Sept 3, 2012    When I was a boy, I spent an entire day building a fort with my friends.  It was an excellent fort that excited my imagination. I thought of inviting my brothers there or of making sculptures with sticks to decorate it or of retreating there to hide after launching mildly vandalistic boy attacks on the neighbors’ houses.  It excited me so much that I couldn’t sleep from the thought of re-inhabiting it the next day. Yet upon my arrival in the morning, I was overcome with a feeling of great disappointment. The actual fort, that had ignited the fort reverie, was unable to match said reverie.

Something similar to this is repeated daily for me in the process of making a dance. What I make on a given day might be created solely to point my mind in a certain direction, with no further need for it as material. The material excites me and I remember it that evening with great satisfaction, drugged into thinking it is valuable. But it is transitional.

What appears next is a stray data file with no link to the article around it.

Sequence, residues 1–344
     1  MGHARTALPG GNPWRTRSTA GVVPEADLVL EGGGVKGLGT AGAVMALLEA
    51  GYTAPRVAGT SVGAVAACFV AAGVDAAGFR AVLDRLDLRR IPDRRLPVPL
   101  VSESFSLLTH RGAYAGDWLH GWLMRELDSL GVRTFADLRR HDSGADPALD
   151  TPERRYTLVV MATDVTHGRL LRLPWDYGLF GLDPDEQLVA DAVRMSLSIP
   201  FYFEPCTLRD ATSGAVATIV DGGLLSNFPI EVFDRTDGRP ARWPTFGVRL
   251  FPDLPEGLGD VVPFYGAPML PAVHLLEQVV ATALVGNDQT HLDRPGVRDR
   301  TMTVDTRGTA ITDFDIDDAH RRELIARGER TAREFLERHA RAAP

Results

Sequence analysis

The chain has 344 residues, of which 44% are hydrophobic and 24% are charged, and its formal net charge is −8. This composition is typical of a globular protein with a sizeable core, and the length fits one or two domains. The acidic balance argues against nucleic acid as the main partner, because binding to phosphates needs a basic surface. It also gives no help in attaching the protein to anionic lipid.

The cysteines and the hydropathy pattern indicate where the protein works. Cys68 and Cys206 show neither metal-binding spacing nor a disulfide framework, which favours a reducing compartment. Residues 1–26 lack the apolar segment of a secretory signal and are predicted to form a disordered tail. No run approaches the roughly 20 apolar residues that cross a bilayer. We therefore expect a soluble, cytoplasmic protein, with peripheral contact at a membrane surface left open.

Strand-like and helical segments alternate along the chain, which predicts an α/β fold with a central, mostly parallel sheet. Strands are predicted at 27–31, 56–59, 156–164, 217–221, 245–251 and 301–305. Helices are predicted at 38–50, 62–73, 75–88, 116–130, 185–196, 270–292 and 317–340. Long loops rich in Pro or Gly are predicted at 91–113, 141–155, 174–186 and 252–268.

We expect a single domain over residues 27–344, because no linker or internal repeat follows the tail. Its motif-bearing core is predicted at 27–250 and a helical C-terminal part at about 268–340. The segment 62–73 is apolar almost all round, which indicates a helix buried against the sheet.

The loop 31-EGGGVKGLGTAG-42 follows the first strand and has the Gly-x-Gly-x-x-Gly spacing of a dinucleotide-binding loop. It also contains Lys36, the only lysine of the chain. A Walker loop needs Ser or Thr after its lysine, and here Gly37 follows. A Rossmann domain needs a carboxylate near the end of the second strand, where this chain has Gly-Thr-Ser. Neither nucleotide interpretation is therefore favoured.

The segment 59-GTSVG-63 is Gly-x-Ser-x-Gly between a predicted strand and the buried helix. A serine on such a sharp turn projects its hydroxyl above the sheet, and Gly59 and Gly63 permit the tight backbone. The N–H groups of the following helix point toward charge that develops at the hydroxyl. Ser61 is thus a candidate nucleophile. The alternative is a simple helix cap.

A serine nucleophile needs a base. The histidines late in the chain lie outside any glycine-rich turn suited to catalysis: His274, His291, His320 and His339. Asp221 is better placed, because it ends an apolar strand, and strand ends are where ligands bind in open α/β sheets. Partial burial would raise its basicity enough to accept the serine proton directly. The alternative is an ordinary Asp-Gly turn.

As is perhaps clear in earlier posts, I was very excited by what was going on, but when I returned after 4 days away, I felt like there was nothing there. No matter how long I have been working, something in me still looks for permanence in the shaping of material, but each time it is executed afresh, the performers are in different places and it is no longer the same. The dancers were engaging with the same excellence as last week, yet I had time to expand the work in my imagination and unfortunately, that rendered the actual material a listless flow of blunt, inarticulate magma. Does that sound negative?

It’s not. It is an inherent drama of this form, where the division between the imagined and the actual give shape to a work. The repetition of this process at the beginning of each dance launches a critical mind that leads me closer to seeing and valuing what is emerging, rather than placing too much importance on the material that marks that journey.  This initial roller coaster ride generates the specific relationship in each dance between the visual information of a work and its temporal detachment. The physical material cannot offer signification because it is controlled by the intentions of time moving forward and erased by every next moment.  The material is a container where shifting ideas, internal lives, viewer expectations and projections converge.  It is hard to manage.